More than 1.8 million fines at Dartford crossing under Dart charge

Dartford crossing
Image caption A new cashless payment system was introduced a year ago

More than 1.8 million penalty charge notices have been issued to drivers failing to pay the new cashless payment system on the Dartford crossing.

The free-flow Dart Charge replaced toll booths on the Kent side a year ago.

Figures showed that out of nearly 42 million chargeable journeys, UK drivers had about 1.5 million penalty notices and foreign drivers more than 340,000.

The AA said the system still had faults, but Highways England said there was still more work to do.

Edmund King, from the AA motoring organisation, said: "We still think it could be even better if they scrap the tolls altogether.

"You get some other drivers who hesitate around the crossing because they're a little unsure about how they pay, when they should pay, what hours apply, and even the signs aren't clear."

The Freedom of Information request submitted by the BBC showed that 41,367,973 chargeable journeys were recorded, 1,519,162 penalty charge notices were issued to UK drivers and 340,861 to overseas drivers.

Under the Dart Charge, the penalty fine is £70, which is reduced to £35 if paid within 14 days, but increased to £105 if a driver does not pay.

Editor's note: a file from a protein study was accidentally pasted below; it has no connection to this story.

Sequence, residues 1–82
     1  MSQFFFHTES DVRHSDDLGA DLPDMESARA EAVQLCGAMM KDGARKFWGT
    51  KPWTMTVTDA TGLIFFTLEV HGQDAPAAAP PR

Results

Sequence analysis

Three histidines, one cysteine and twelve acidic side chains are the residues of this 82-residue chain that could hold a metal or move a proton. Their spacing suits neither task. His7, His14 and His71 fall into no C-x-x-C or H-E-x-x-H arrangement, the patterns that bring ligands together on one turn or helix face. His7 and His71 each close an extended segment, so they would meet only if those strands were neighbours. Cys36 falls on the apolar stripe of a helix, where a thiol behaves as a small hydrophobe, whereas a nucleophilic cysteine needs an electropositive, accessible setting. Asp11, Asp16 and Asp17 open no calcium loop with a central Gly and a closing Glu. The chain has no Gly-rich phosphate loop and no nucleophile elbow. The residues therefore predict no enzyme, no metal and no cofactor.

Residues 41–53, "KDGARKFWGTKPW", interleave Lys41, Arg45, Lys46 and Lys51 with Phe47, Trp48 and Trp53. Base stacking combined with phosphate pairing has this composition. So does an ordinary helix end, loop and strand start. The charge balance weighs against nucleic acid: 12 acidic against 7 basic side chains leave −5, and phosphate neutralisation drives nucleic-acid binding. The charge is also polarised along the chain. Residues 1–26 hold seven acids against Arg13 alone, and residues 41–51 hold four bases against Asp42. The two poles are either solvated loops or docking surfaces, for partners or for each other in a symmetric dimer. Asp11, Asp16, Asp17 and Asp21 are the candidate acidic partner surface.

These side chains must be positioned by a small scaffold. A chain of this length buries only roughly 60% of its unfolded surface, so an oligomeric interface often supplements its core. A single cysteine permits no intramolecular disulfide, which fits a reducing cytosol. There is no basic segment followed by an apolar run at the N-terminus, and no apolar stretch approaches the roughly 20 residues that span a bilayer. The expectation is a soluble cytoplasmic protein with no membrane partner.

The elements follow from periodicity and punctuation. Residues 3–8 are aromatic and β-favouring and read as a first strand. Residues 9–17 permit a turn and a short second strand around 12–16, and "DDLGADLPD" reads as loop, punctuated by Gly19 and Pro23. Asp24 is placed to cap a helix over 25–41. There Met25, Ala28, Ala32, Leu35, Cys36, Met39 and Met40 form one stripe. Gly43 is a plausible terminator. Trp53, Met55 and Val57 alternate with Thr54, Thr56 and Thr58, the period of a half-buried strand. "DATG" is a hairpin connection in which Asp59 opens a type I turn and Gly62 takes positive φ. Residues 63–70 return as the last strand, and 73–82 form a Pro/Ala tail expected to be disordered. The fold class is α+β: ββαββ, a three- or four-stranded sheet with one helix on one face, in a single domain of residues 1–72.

Dart Charge project director Nigel Gray said the scheme had successfully sped up journeys, with peak-time return trips now 15 minutes shorter, and hundreds of thousands of drivers had also benefitted from discounts of up to a third.

He said more work had to be done on improving traffic flow on the Kent side, but the Dart Charge was a medium-term solution to congestion at Dartford, while the long-term answer was a third Lower Thames Crossing.

He said: "Figures show that the vast majority of people are paying their Dart Charge on time and non-payment is being followed up appropriately.

"The first penalty issued for any vehicle includes an offer to pay any outstanding crossing charges within 14 days and have the penalty or penalties cancelled. This approach has been very successful and we have no plans to end it."

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